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The Oxford Book of Modern Science Writing by Richard Dawkins, Ed.

The Oxford Book of Modern Science Writing by Richard Dawkins

The Oxford Book of Modern Science Writing by Richard Dawkins

This is a great book, but it will cost you. Right after I finished reading it, I ordered three or four books from its featured authors right away, and put several more on my wishlist. And as to how length and time are relative, this book is its own highly distinguished example: the excerpts from scientific fields I know next to nothing about were much too short, while those from scientific fields I have a little more knowledge, or had even read the books the excerpts were taken from, were much too long. So there.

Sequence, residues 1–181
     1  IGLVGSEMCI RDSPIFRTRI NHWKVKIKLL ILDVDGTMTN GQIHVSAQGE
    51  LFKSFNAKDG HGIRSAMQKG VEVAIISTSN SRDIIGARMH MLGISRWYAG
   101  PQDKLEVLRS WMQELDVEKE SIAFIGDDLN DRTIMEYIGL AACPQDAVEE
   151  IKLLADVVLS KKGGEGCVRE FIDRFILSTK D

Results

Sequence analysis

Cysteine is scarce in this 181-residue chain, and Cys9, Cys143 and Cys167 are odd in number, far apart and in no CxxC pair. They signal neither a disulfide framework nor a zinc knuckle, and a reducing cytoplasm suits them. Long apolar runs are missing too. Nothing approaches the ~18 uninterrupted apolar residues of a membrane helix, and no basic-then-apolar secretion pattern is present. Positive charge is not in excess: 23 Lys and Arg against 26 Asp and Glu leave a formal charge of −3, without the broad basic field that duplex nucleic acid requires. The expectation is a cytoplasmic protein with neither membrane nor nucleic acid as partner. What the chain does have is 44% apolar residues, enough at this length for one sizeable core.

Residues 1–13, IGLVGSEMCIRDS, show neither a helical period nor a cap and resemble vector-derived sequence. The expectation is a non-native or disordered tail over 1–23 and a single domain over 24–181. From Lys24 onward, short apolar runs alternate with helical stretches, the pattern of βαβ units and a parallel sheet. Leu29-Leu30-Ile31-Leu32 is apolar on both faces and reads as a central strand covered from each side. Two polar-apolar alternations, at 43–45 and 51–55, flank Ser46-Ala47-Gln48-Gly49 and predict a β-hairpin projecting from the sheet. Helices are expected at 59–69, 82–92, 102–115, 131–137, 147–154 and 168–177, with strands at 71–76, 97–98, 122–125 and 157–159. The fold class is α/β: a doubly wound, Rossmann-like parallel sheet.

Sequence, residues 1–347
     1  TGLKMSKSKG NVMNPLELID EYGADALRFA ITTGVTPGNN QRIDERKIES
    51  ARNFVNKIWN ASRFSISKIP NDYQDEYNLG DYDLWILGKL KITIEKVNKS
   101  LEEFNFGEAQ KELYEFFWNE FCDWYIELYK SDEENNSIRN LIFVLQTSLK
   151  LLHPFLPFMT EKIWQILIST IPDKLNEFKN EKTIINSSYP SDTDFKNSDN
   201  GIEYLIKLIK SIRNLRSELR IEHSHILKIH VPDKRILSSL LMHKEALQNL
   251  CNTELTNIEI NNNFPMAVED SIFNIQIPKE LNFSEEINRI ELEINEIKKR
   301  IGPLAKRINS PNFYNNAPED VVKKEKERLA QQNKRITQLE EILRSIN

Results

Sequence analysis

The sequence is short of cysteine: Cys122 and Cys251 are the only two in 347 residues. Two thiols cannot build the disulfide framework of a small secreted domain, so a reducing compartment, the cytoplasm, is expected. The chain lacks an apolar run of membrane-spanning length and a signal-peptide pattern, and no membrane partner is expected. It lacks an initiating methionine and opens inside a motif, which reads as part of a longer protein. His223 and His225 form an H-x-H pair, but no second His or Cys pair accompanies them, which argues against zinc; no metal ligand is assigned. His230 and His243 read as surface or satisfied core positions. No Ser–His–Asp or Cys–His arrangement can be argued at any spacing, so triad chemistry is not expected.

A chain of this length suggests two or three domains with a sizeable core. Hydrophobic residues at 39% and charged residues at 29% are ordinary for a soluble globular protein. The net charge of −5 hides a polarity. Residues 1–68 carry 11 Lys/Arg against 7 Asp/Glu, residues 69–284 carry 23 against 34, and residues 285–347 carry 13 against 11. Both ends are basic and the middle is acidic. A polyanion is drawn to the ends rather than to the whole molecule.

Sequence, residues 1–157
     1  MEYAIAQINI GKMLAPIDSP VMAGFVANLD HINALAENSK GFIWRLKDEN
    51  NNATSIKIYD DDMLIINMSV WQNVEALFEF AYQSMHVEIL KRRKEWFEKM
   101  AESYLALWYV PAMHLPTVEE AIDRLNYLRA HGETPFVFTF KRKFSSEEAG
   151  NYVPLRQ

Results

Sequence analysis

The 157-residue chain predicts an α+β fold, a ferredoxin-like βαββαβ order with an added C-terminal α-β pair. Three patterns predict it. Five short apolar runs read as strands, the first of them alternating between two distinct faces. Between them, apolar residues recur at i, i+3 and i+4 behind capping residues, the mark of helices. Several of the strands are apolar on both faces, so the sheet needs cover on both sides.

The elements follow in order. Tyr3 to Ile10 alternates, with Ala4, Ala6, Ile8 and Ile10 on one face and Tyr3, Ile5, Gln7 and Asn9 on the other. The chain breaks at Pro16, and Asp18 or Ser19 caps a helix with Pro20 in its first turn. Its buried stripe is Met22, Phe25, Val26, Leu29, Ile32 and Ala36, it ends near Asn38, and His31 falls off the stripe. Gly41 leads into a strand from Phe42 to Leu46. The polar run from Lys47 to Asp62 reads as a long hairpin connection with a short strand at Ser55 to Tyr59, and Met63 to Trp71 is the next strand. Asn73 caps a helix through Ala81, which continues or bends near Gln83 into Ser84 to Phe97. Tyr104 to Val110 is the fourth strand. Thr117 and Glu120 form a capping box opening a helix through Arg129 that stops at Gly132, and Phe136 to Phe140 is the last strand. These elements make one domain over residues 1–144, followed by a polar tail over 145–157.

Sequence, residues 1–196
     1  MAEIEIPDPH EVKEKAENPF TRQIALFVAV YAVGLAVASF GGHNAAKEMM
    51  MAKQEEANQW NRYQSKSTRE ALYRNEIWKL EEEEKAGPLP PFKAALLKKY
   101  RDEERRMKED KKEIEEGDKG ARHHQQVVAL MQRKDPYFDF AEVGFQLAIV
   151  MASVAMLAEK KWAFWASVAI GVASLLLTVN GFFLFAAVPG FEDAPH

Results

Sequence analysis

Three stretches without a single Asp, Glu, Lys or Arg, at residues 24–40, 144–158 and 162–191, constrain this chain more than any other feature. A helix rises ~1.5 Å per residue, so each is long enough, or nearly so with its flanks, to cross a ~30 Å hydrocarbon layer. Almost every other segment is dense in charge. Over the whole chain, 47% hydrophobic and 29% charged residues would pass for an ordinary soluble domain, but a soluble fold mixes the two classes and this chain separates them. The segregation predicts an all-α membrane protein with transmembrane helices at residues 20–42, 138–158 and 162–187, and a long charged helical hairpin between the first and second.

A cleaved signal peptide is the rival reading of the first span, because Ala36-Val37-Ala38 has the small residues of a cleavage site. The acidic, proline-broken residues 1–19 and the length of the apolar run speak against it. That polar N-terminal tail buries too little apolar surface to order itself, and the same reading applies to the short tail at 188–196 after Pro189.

And I really, really loved it that my personal hero Richard Dawkins did not write just some plain old foreword, but introduced each and every author and excerpt, with background knowledge and sometimes amusing, sometimes thought-provoking anecdotes. One peeve, though, and not an unexpected one: these far too long, and far too annoyingly unfunny excerpts from the writings of Peter Medawar. (I tried at times, at RDSF forum discussions, to disabuse Richard of at least some of his more outrageous notions about postmodernism, to no avail.) But, shortly after the Medawar Annoyance, everything was made up for by an equally long, carefully chosen, and wonderful essay by Stephen J. Gould.

Dawkins, Richard, ed. The Oxford Book of Modern Science Writing. New York: Oxford UP, 2008.
This review was originally published at LibraryThing.

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